What’s it About?
The Candyman, a murderous soul with a hook for a hand, is accidentally summoned to reality by a skeptic grad student researching the monster’s myth.
Directed by Bernard Rose
8 out of 10
“Candyman, Candyman, Candyman, Candyman…Ok, I will stop right there…”
In the 1992 horror film, “Candyman,” almost immediately, during the mysterious and melodic opening aerial shot infused with Philip Glass’ otherworldly music, we are thrown onto a mysterious canvas. An eerie, perpetually dark world full of aphotic dogma and urban legends. We are immediately immersed in something horrifically tangible, fable like and mean. A visceral experience that takes us into a lengthy ride of terror. A kind of twisted and tenebrous version of the Bloody Mary legend. This film, brilliantly directed by Bernard Rose (Immortal Beloved), is based on a short work of horror named “The Forbidden” by author Clive Barker (Hellraiser, Books of Blood). The atmospheric story takes place in modern day Chicago.
Virginia Madsen (Sideways, The Haunting in Connecticut) plays grad student Helen Lyle, who along with Kasi Lemmons (Silence of the Lambs), is writing a thesis about an urban legend called “Candyman.” The legend seems to especially thrive within the closed off, dis-enfranchised and destitute poor community of a Chicago housing complex named Cabrini Green (which no longer exists). After Helen ignores warnings and is spurned and abruptly disregarded by her Professors and husband she takes matters into her own hands and investigates the legend of Candyman herself. Mainly to prove a point.
She goes willingly and bravely to the Housing project and discovers a very real, gritty and sad reality. The tenants live in absolute fear of the Candyman. What follows is an engaging tale of absolutely terrifying proportions. Director Rose takes Barker’s material and makes it work completely on many levels. Helen becomes trapped in a horrifying world where things and events that take place, she cannot remember. Murders happen around her and she suffers from severe blackouts. In these small and absorbing details are where Rose builds suspense, mood and a visceral ambiance.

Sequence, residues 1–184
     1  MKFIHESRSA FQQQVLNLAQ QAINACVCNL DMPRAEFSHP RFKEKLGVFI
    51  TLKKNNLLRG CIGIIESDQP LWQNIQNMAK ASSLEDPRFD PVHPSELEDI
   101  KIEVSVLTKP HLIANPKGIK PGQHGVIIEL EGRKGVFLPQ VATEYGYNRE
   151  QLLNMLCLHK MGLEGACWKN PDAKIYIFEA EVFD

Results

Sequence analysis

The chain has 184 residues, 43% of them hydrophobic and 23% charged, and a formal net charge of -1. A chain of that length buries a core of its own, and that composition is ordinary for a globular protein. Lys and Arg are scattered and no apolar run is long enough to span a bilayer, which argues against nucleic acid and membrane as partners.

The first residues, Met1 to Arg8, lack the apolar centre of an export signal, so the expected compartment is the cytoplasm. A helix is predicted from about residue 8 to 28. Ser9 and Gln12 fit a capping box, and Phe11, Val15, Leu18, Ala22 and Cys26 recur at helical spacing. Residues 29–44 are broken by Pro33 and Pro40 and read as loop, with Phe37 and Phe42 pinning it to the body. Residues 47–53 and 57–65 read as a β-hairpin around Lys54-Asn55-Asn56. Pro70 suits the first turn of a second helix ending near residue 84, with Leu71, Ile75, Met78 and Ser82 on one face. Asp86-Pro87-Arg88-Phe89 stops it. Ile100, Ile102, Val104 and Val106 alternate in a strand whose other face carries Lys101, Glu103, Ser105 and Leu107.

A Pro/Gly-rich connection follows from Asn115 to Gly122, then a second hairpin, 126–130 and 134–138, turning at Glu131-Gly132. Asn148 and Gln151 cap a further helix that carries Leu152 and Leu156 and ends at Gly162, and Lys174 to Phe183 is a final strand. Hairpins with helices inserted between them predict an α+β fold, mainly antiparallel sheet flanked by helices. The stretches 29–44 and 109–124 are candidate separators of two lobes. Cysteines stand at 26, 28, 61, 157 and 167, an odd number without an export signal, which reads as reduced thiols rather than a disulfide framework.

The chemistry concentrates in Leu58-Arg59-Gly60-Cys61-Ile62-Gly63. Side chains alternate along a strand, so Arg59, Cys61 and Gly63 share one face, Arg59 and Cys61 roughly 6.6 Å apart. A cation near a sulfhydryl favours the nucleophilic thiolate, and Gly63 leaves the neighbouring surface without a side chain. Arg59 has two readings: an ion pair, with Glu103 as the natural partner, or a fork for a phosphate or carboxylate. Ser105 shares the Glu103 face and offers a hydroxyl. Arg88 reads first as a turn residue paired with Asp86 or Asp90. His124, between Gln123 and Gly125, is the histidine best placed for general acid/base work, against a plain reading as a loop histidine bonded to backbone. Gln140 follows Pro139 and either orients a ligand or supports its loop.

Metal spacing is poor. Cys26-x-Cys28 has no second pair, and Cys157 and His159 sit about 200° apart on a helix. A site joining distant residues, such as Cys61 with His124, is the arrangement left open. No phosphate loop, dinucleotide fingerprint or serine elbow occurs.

In “Candyman,” though, it is Actor Tony Todd (24, Star Trek: Deep Space Nine), in a very early film appearance, that excels here. He is tall, menacing, deadly and just plain frightening to behold. Todd’s deep voice evokes a sense of dread and hypnotic fear that chills the viewer right to the bone. It is his show all the way and Rose knows how to use him to maximum effect. He plays a deadly game of cat and mouse with Helen that ends in her being jailed and accused of multiple murders. Her estranged husband, Trevor, played by Xander Berkeley (24, Salem, Air Force One and Taken) is also convinced of her guilt. So, will Helen convince everyone around her that the real threat is some ghastly and ghostly urban legend no one but her has seen? Or will she be blamed for the horror occurring in Chicago and be put away as an insane woman trying to get negative attention? You need to fully experience “Candyman” and see for yourself!
The rest of the film plays out almost like a beautifully bizarre stage play. Glass’s music is haunting and operatic. The film is shot well and tightly claustrophobic by DP Anthony B. Richmond (The Sandlot, Men of Honor). Taking full advantage of the ominous surrounding cityscape to convince us that no one is safe in this dark fable. Rose also gives us a very lush and unsettling film. It is scary, somewhat gory and alluringly told. “Candyman” also dwells upon social issues that remain quite relevant today. Rose’s film manages to provoke on many levels and in doing so solidifies it as a genuine work or horror and terror that uses great actors, costumes and music to tell it’s compelling story. One does not even have to be a fan of the horror genre since Rose’s movie transcends the genre with gleeful aplomb. Rose does this by making us care about normal, everyday people who get caught up in a myth with it’s root in poverty and fear. All in all, “Candyman” has become an instant classic and an iconic entry in not just horror cinema but in cinema period! Highly recommended and watch it with the lights on…or not!
Enjoy the Trailer Below!
Enjoy the Score below!